And now what? Cedric Siegers demonstrates essential flexibility and resilience as an entrepreneur
Who's prepared for a pandemic? The graduating class of 2020 were thrown into a totally different field of work than the one they had prepared for. How do these alumni deal with the impact of the novel coronavirus on their creative-professional practice? Lars Meijer and Tim Bongaerts, who graduated in the year of COVID, will be exploring, ways to succeed as a creative entrepreneur in this new world, in collaboration with the ArtEZ Business Centre. By talking to resourceful ArtEZ alumni, they'll be trying to find out what it takes to be an entrepreneurial artist today. What lessons did they have to learn for themselves?
This week, Tim and Lars spoke to musician Cedric Siegers, who felt surprised, but never overwhelmed by the pandemic. "I was just outside school smoking a cigarette when the measures were announced. Half an hour later, the phone calls started. I had to scratch 13 performances from my calendar straight away." During our research on creative entrepreneurship during the pandemic, we stumbled upon guitarist Cedric Siegers, who graduated from the Jazz & Pop program at ArtEZ Zwolle. He caught our eye with his charity song Brighter Day, which appeared on YouTube a mere two weeks after the start of the lockdown.
The press conference of Tuesday March 10 last year had major consequences for all our lives. For artists, the decision to cancel all cultural events was probably even more impactful than the closing of schools. Suddenly, opportunities to generate income seemed to have completely disappeared. "We were reading about the shortages at the food banks, and we wanted to do something to help. Our wallets and calendars were empty, but that wasn't going to stop us from lending other people a hand." Although we were primarily interested in the effectiveness of their campaign, our talk with Cedric ended up teaching us something about his flexibility and responsiveness. The story behind Brighter Day turned out not to be the main story of the interview, but rather an introduction to Cedric's innovative vision on entrepreneurship.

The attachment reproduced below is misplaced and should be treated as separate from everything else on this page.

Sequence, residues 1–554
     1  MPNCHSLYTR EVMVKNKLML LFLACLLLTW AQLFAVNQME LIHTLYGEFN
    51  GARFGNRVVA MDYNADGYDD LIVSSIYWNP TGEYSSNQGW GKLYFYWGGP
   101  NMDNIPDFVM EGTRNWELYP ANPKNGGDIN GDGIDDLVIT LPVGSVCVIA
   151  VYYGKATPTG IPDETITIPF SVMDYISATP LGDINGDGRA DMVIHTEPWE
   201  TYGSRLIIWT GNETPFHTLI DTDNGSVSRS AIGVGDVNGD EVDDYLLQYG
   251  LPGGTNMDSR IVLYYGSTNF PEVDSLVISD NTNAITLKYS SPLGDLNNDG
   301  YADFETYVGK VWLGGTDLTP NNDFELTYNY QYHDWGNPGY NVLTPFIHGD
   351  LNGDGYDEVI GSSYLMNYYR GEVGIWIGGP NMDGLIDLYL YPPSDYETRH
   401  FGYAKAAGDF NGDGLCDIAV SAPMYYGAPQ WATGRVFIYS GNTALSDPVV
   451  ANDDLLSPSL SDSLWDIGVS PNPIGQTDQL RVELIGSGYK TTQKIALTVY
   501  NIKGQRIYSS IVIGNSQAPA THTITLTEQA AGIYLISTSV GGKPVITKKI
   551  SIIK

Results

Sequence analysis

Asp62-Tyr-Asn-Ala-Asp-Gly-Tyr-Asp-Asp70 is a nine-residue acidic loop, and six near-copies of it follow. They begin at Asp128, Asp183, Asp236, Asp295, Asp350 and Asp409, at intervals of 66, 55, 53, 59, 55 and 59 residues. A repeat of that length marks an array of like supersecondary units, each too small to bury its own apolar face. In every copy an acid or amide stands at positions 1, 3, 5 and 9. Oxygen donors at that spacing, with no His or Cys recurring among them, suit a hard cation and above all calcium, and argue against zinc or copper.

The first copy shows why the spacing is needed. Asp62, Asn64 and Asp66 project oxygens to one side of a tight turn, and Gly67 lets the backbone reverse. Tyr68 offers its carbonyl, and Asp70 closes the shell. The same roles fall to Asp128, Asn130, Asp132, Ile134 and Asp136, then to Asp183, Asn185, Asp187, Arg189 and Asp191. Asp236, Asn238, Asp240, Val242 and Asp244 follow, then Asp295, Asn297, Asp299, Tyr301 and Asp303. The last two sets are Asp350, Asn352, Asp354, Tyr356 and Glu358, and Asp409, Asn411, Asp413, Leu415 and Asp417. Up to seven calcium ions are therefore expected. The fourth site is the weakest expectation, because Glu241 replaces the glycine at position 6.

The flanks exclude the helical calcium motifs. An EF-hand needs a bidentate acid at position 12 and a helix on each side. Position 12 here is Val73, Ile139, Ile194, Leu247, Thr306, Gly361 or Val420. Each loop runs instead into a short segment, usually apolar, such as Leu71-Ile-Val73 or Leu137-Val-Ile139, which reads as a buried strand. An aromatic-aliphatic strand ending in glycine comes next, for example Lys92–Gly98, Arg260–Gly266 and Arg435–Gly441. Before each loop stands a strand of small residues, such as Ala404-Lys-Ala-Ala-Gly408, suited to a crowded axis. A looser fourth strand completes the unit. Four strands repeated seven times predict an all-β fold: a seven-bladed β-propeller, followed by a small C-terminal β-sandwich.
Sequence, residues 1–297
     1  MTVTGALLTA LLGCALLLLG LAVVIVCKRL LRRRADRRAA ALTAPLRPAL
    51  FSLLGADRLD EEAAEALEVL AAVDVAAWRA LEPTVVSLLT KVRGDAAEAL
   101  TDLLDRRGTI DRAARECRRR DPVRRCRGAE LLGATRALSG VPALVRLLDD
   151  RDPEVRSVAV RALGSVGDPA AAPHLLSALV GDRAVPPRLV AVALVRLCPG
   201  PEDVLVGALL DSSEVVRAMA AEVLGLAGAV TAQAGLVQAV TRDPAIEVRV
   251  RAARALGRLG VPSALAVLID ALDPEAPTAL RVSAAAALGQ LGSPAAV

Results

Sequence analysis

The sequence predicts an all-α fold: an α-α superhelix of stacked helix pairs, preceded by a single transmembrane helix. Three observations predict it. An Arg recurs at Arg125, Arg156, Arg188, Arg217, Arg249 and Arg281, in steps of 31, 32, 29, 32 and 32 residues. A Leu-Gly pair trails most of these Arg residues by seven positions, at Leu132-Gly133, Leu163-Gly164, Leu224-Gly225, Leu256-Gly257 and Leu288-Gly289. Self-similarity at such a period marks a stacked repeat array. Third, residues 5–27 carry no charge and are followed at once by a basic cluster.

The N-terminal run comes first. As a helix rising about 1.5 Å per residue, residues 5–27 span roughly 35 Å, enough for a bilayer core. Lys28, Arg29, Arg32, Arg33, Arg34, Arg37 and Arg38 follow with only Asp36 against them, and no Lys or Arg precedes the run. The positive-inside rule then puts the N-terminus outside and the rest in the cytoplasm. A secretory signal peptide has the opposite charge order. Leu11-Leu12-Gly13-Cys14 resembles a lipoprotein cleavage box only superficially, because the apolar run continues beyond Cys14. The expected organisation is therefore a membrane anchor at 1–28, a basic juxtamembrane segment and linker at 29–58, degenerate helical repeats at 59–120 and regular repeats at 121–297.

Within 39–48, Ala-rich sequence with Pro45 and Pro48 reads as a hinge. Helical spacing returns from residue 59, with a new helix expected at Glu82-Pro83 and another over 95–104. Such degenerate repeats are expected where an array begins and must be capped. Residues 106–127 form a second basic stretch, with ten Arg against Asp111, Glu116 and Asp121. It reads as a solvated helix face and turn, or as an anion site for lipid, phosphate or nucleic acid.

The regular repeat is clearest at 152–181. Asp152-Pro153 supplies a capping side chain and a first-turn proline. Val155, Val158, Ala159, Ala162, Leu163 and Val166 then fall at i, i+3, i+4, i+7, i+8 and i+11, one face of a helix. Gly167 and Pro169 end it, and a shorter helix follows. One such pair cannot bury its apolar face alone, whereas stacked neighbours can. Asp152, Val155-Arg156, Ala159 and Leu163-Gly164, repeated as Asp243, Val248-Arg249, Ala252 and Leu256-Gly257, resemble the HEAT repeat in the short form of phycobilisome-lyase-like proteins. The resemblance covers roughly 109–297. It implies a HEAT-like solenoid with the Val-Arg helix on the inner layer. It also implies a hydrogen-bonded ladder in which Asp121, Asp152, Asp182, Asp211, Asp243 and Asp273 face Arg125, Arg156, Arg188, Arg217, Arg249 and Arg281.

Being an entrepreneur, to me, means a constant battle against an empty calendar
"Being an entrepreneur, to me, means a constant battle against an empty calendar," Cedric said. "I didn't want to depend on DUO, so I always tried to perform as much as possible. This has taught me a great deal about the practical reality of being a musician." After a few years of experience, the musician from Zwolle had collected a lot of valuable insights about the usual pitfalls of the profession. "What kind of gear do you bring? What kind of compensation should you ask for a show? And most importantly, when do you say no? It may feel like a decadent luxury, but you need to take a commission seriously, as well as your own need to rest. Sometimes, refusing is the best way of doing that. For example, there are shows that are better suited to someone with more experience than me, and other shows are just not worth the stress."
It's all about seeing and being seen
Due to Cedric's eagerness to perform, he was already a part of Zwolle's active music scene before he started his academic career at ArtEZ. "There were people that I really wanted to get to know. So I joined all the jam sessions where they would be present. Networking isn't much more than just having a chat about something you're both passionate about." No matter how self-evident Cedric's advice may sound, his attitude displays a sharp understanding of the mechanisms of the music industry. "It's all about seeing and being seen."